The word, shark, conjures up an image of a large scary finned animal with a long snout and gnashing teeth. But sharks are so much more. Basking sharks, for example, eat only plankton. Thresher sharks use their tails to kill prey. Hammerhead sharks swim in schools during the day and hunt alone at night. The first step in protecting this amazing group of animals is learning more about them.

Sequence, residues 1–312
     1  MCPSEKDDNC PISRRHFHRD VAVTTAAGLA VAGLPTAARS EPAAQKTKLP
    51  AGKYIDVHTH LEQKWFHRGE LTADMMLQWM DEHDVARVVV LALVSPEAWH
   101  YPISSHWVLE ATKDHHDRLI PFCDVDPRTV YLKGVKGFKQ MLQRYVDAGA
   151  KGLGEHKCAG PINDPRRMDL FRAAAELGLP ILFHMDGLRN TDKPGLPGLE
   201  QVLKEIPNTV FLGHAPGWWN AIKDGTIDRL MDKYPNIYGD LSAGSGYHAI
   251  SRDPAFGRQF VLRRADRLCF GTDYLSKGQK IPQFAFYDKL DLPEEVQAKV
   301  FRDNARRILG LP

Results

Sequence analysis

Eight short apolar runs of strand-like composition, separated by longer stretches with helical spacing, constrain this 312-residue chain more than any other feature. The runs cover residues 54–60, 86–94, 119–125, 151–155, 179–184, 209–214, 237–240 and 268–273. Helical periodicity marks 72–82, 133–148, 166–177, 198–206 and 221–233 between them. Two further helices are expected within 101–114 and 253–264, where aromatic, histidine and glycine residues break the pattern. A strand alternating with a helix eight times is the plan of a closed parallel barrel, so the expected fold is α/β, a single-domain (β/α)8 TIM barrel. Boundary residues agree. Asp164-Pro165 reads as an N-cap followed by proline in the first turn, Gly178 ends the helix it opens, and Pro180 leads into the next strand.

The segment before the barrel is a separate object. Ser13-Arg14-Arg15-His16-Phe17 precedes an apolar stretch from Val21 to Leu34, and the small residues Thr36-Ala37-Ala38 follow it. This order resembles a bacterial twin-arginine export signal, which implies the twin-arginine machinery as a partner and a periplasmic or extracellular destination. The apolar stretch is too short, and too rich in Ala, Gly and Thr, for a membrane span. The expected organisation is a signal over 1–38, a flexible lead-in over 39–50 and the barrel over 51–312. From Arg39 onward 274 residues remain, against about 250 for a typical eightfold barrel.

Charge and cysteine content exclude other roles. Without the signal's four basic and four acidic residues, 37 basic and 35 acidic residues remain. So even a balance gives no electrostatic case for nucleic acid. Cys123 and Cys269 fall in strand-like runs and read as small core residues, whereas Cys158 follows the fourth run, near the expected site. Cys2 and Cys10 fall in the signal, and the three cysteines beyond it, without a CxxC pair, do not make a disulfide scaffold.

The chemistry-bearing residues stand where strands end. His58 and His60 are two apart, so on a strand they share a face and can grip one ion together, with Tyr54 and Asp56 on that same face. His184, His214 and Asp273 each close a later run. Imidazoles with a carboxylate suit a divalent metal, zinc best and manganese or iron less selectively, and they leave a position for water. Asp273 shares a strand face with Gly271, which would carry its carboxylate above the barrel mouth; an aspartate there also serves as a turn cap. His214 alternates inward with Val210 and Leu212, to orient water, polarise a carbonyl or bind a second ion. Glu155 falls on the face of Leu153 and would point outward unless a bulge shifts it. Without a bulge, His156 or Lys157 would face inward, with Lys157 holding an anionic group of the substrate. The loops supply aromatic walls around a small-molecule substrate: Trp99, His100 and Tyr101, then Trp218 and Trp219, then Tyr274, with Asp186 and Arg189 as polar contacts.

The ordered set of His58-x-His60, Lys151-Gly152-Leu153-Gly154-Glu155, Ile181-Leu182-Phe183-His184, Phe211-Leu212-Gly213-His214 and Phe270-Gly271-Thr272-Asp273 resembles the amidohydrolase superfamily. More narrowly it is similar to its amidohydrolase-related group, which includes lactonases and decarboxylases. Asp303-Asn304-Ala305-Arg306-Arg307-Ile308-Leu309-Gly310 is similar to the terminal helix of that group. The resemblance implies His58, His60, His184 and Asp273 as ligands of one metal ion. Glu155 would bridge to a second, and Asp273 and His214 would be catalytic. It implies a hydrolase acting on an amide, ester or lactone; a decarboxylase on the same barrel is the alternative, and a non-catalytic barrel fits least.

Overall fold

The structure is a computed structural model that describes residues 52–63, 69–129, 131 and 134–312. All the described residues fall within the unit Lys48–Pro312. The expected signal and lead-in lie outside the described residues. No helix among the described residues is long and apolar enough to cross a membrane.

From the brochure:
SHARKS are found worldwide and include nearly four hundred species. All have an excellent sense of taste and can detect tiny amounts of chemicals in water– as little as one drop of blood; they can also can pick up electrical signals as tiny as those created by the muscles of their prey. Dozens of species of shark are being driven to extinction because of “finning,” the harvesting of just their fins for soup, including Great Hammerhead Sharks, Sphyrna mokarran (ENDANGERED), Thresher Sharks, Alopias species (VULNERABLE), and Whale Sharks, Rhincodon typus (VULNERABLE).
Shark graphic (banner) by Christina Ward